Recently, I began considering how much of my career has focused on the solutions for various chronic health conditions.
Correlating the root cause of a patient’s illness, as directly attributable to the wider issues of environmental conditions, had however, somewhat passed me by.
Of course, I acknowledge how at risk populations such as children, pregnant women or older adults, are affected by climate and extreme weather factors. Mainly because we regularly see news reports on the winter crisis within the NHS, and in summer, heat waves bringing air pollution measurements, in major cities to dangerous levels.
One such illustration of the devastating effect of extreme weather, was the heatwave in the summer of 2003. This event resulted in over 2,000 deaths across England and Wales, when the mercury rose to 30°C for ten consecutive days within the month of August, and exceeded 35°C in numerous places around the UK, on three of those ten days. *1
From a number of academic studies post this tragic event, conclusions about those deaths being directly attributable to patients’ increased inhalation of fine particulate matter are difficult to quantify. However, what are well documented are the effects of air pollution on conditions including lung cancer, chronic obstructive pulmonary disease (COPD), and cardiovascular disease. *2
Ecological studies also highlight issues for patients where their environment was not able to be controlled e.g. with air-conditioning, concluding that the effects of the excessive high temperatures on mortality were greatest out of hospital, compared to those in-hospital. *3
Furthermore, ozone, itself is a respiratory irritant, is strongly affected by the climate, and background levels of ozone are increasing across much of Europe. *4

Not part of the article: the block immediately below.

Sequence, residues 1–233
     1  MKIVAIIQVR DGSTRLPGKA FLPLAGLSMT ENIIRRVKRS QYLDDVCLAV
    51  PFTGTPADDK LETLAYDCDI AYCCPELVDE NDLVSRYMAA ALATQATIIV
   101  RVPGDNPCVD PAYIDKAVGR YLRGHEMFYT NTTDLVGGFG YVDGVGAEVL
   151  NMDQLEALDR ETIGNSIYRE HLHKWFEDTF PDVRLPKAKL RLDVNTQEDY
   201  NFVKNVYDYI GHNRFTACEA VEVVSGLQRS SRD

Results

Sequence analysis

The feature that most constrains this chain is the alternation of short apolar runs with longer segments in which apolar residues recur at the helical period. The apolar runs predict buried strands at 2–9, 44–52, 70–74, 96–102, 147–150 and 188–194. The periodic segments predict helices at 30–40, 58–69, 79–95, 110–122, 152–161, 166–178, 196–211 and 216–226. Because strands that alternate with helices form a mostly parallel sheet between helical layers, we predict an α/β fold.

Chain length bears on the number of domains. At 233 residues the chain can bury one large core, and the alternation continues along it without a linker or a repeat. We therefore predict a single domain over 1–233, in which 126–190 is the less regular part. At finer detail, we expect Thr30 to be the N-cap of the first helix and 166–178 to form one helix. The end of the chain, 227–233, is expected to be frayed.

In 2016 a report by the Royal College of Physicians (RCP) and the Royal College of Paediatrics and Child Health (RCPCH), raised these startling facts;
UK has circa. 40,000 deaths resulting from exposure to outdoor air pollution
The cost across the health service and to businesses from these premature deaths add up to more than £20 billion every year
I hope some of the details shared have provided a sense that climate conditions, extremes of weather, and associated air pollution issues are a population wide concern.
The reality that air pollution harms us all across our lifespan and regardless of where we live, provides powerful arguments to support cleaning up the air we breathe.
My focus in working with organisations and developments that are amazing, cutting edge, innovative medicines or new technologies, will now include, bringing to their attention the wider impact of extreme environmental conditions, as this can only be of benefit to the patient.
What we as a society need to consider is, how any additional environmental clean-up efforts our government provide, cost far less than the monetised health benefits they will produce.
Burt S (2004) The August 2003 heatwave in the United Kingdom: Part I. Maximum temperatures and historical precedents. Weather 59(8), 199–208.
Stedman J R (2004) The predicted number of air pollution related deaths in the UK during the August 2003 heatwave. Atmospheric Environment 38, 1087–1090.
Michelozzi P, de Donato F, Accetta G, Forastiere F, DʼOvido M and Kalkstein L S (2004) Impact of heat waves on mortality - Rome, Italy, June-August 2003. JAMA 291(21), 2537–2538.